The economic contribution of insect pollination to crop production is significant, with annual global estimates of up to £400 billion. Crops such as fruit, nuts, seeds, and many vegetables require insect pollination to produce a viable harvest. The activities of pollinators may contribute to crop yield, improve visual quality of produce or even boost the nutritional content of food. These ecosystem services are provided by a range of insect species including butterflies, bumblebees, hoverflies, honey bees and moths.
Agriculture can come into conflict with pollinator conservation due to landscape alteration reducing the number of available nesting sites, or the use of chemicals that might harm pollinators. We offer a range of scientific services based on our expertise and understanding of pollinator biology, enabling farmers to enhance crop productivity and ensure the environmental sustainability of their farms.
Policy changes and local land management decisions can influence the availability of the floral resources available to pollinators. Fera ecologists specialise in completing habitat assessments and providing advice on government-funded schemes, such as the Countryside Stewardship, to ensure pollinators can fulfil their nutritional and nesting requirements.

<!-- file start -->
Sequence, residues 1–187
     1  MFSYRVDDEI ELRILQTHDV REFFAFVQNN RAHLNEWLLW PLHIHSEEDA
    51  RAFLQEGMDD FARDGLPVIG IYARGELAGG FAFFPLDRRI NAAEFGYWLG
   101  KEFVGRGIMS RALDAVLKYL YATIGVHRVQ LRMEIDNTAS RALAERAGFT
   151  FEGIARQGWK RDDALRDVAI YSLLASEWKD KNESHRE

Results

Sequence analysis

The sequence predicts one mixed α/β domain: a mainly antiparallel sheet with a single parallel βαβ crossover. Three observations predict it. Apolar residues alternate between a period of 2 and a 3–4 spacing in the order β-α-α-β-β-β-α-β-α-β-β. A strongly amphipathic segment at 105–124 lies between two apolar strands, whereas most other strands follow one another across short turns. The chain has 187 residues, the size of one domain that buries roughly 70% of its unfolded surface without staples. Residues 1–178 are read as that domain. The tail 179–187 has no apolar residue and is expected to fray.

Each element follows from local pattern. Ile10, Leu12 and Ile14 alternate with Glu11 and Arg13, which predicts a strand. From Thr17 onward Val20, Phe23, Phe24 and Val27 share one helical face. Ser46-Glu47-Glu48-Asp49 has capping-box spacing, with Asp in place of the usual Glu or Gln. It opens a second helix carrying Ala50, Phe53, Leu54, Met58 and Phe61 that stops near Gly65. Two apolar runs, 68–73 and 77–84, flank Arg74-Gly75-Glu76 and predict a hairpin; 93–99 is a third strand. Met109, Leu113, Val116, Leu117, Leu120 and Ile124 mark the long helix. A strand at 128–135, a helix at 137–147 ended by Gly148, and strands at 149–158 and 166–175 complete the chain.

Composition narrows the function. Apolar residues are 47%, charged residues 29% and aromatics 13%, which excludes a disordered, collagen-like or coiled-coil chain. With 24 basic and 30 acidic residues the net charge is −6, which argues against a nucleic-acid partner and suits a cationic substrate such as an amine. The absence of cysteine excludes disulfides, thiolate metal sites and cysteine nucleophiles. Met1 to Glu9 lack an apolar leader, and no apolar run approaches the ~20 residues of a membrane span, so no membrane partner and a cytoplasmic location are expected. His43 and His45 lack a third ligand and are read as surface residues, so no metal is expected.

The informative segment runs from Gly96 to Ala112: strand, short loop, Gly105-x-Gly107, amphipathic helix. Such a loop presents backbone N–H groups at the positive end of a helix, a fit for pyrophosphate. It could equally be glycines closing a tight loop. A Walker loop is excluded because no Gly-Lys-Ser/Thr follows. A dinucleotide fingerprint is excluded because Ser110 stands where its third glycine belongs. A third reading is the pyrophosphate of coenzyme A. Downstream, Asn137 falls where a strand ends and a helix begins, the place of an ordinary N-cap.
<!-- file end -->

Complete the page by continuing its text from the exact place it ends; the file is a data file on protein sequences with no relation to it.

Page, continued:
Pollinators also have to cope with a range of pests and diseases, many of which are known drivers of poor health and colony losses. Honey bees are known to suffer from mites as well as bacterial, viral and fungal infections. Working alongside the National Bee Unit, Fera offer world-class capability in researching, detecting and controlling honey bee pests and diseases. Our staff have decades of experience advising governments and the apiculture industry on ways to minimise risk to these key pollinators.
We have specialists in chemical safety testing, and have developed internationally-recognised guidelines for honey bees, bumblebees and solitary bees (click here for more details). Importantly, we have economists to assess the financial benefits of farming inputs; entomologists who specialise in pest control; and chemists capable of assessing pesticide residues as well as the risks associated with (metabolic) breakdown products.
In short, we have the interdisciplinary expertise necessary to understand the complex interactions across farm and landscape scales, that can shape pollination outcomes and contribute to sustainable crop production.
Find out how Fera leads the way in pollinator safety research, testing and analysis.
We offer a host of services to support the objectives of bee keepers, farmers, chemical producers, retailers and consumers.
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